One of the most fascinating things about 3D printing are chainmail patterns, interlocking, and movable parts. The structures of these designs look complex, but they are actually quite simple to make. These kinds of structures (often called “nested” parts) can be used for 3D printed jewelry, mechanical structures, complex action figures, decor items, and many other projects. Follow this tutorial to learn how to use free 3D design software to make 3D printed chainmail and other interlocking parts. It’s easier than you think!
Chainmail patterns and interlinking parts mean that your 3D printed object will have movable segments. Your object will still be printed in one go – these parts will not be attached or assembled by hand. A great example for a chainmail pattern is the horse marionette by Michaelle Janse van Vuuren. A stunning 3D print with interlocking parts is the One_Shot stool by Patrick Jouin (see both images below).
3D printing materials for chainmail patterns and interlocking parts
Not every 3D printer and every 3D printing technology are able to produce this kind of patterns. At our 3D printing service, you can order 3D prints with interlocking parts with most materials that are based on FDM printers and Laser Sintering, such as ABS, Polyamide, Alumide, Rubberlike, Wood, HD Resin, and HD Stainless Steel. Our material page always has the latest information about which 3D printing materials can handle interlocking parts.
If you want to learn more about why some materials can handle these chainmail patterns and interlocking parts while others cannot, take a look at our technology overview where we explain and compare all important 3D printing technologies and materials.
3D modeling chainmail patterns: an introduction
Before we begin, note that the method covered here is not the fastest or most efficient way to make interlocking parts: it does not use programming, add-ons, paid software, or some of the more complex Blender features (i.e. Particle System).
The fastest way to make a chainmail pattern is to automatically generate it, but a lot of free 3D design software has trouble with this. OpenSCAD and Blender can both generate chainmail, but Blender’s requires clean-up and OpenSCAD requires programming skills.
Basic setup for creating interlocking parts
Delete the default cube that appears when you open Blender. You should be in “Object Mode.”
Finally, click “View: Top” in the bottom left corner. Before starting a project, think about the material you are designing in. Our materials page contains a design guide for each material. It includes technical specifications for different materials, such as how much space (i.e. clearance) you must leave between rings. For example, there is a 0.5 mm clearance for Alumide. You don’t have to measure this— just keep it in mind.
Generating a basic ring shape
For this tutorial, we are using the default Torus ring located in the “Create” Menu. The “Create” menu is located on the upper left side of your screen. Click on the Torus ring.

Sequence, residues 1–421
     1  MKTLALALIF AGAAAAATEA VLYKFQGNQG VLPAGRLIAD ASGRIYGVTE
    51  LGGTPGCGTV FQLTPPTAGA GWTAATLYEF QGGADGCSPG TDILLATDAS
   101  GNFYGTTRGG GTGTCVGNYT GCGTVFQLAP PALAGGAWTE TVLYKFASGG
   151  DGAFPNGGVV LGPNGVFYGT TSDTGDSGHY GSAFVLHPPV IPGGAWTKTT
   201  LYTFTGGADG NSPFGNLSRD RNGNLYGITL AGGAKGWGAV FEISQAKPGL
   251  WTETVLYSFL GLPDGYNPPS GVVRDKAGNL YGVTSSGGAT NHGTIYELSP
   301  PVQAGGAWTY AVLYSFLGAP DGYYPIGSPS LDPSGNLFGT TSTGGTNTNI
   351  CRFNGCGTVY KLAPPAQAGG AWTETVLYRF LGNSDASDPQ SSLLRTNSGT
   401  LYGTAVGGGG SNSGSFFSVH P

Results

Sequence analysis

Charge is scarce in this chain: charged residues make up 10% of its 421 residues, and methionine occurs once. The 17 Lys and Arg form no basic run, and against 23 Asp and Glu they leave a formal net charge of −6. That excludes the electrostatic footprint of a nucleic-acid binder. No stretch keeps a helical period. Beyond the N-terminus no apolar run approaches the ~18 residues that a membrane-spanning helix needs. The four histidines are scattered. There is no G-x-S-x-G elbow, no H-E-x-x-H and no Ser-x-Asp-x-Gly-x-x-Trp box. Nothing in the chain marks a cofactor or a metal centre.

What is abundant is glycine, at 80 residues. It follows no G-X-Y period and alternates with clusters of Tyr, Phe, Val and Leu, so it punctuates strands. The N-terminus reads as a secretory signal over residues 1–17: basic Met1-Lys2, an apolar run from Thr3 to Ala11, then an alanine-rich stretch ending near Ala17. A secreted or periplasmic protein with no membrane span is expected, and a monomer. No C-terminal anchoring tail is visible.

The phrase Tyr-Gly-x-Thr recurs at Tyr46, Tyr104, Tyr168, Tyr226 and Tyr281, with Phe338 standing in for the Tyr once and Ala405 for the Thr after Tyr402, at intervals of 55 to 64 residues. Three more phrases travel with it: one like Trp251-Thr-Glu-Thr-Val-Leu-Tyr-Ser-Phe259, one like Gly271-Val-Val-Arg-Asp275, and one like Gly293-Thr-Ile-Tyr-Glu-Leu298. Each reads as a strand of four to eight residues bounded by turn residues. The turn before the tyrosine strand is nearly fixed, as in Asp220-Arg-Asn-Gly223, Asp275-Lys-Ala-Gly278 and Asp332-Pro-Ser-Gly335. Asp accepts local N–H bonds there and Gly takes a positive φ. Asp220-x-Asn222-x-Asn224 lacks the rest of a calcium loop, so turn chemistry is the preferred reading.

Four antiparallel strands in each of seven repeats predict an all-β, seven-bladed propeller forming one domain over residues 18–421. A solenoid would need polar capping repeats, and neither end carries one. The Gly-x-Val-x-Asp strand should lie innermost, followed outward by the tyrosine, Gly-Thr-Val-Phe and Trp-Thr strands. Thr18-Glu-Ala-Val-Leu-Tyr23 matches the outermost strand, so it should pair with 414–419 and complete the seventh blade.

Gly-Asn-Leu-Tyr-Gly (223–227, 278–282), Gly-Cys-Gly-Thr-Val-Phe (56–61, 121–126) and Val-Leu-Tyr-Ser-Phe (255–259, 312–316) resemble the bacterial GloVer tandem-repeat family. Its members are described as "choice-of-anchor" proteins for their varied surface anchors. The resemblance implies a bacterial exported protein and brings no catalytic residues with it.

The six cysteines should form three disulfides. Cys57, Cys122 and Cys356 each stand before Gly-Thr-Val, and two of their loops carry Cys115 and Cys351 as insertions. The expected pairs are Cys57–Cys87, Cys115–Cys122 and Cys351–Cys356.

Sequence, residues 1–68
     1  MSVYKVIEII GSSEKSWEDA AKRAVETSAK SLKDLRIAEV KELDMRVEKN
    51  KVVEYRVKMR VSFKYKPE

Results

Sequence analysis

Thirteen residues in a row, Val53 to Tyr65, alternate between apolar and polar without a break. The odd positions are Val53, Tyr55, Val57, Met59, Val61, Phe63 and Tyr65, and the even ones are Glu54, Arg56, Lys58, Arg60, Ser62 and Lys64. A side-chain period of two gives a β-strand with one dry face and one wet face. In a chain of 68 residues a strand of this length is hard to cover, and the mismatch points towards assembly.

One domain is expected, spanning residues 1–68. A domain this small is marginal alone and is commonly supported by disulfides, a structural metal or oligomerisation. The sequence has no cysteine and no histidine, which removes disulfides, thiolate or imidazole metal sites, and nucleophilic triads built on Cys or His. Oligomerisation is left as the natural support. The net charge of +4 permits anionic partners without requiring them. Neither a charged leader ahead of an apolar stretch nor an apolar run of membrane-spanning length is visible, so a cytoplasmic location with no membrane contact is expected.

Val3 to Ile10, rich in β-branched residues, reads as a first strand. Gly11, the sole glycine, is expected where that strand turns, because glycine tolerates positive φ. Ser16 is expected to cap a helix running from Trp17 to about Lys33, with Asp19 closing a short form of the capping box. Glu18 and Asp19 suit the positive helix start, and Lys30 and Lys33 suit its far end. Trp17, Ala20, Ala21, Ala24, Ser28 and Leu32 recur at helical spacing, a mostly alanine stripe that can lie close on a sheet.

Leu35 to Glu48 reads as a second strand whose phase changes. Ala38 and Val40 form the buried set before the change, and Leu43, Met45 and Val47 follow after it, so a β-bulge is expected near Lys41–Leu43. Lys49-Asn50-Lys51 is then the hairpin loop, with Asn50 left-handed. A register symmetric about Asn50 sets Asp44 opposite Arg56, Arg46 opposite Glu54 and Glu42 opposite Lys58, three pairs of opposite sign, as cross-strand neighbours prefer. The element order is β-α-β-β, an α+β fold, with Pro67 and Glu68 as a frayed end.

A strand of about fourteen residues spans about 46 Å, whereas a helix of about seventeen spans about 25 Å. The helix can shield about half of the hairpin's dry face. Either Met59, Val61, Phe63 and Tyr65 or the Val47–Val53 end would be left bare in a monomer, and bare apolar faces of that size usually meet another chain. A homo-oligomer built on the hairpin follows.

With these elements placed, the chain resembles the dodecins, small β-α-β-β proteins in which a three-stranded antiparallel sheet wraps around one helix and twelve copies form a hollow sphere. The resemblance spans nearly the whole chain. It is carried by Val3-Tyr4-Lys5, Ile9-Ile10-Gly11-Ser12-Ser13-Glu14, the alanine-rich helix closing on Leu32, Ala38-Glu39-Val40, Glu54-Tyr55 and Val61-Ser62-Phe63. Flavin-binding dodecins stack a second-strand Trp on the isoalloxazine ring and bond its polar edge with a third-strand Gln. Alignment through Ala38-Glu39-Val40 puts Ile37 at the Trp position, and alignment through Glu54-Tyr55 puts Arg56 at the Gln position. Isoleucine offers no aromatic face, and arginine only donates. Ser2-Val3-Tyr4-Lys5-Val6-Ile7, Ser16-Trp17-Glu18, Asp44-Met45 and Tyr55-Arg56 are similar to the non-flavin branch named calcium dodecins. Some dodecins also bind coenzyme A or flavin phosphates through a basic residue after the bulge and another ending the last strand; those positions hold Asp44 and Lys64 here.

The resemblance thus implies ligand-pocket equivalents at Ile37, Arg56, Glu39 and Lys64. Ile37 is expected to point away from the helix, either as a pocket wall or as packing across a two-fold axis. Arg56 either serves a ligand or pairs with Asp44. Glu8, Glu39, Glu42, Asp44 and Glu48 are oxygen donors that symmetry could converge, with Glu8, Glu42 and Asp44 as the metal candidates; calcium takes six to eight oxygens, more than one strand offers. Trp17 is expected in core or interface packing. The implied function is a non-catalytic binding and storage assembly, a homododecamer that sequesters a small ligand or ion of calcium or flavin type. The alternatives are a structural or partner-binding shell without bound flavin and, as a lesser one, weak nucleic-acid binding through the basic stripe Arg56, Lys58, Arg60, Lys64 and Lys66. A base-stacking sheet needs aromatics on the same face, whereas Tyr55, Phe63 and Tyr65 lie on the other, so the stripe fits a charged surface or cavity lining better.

Edit the ring using the “Add Torus” sub-menu that automatically appears (see screenshot below). Thick rings with a large hole inside usually print best (i.e. the classic chainmail ring shape).
Checking the strength of your ring
You can use free software to check how strong your ring or overall design is. Import your ring into Autodesk Meshmixer, and go to ANALYSIS => STRENGTH tool.
Remember: do not re-import the file it into Blender! Doing that messes up the vertices!
Generating several rings for a chainmail pattern
Right click to select your ring in Blender, and then click SHIFT + D to make a copy. Drag the red arrow to move the copied part to the side.
Change the view to sideways: click View => Left in the bottom left corner. Don’t try to skip this step by panning there with your mouse, and don’t mistake left for some other direction. This will save you a headache later on.
Rotate the ring: Select the ring by right-clicking. To get an exact angle, type “R” and the angle number (i.e. “R 25” for 25 degrees.) To get a custom angle, move your mouse.
Slide rings together: Use the arrows to slide one ring into the other. You’ve got your first interlocking part!
Let’s complete the chainmail pattern: repeat the process. You can select multiple parts by holding down shift, then right clicking on them. Shift +D makes copies.
Limitations of chainmail patterns and interlocking parts
Note that interlocking parts, including chainmail, cannot normally be 3D printed in metals. Many “3D printed” metals are cast from a mold made of a wax-like print, via techniques such as lost wax casting. Since you need to make a mold to cast, it’s evident that you cannot make good molds from interlocking parts (you cannot detach them!). However, they can be printed in most plastics— including Aalumide, a Polyamide-Aluminium hybrid with a metallic look to it.
And that’s all there is to it. You can now create your first 3D model with a chainmail pattern. Remember to carefully read the design guides of our 3D printing materials to see if interlocking parts are possible and to get the right space between your moving parts. If your design is ready for the printers, upload it to our website here. If you’re new to Blender our video tutorial will help you to get started.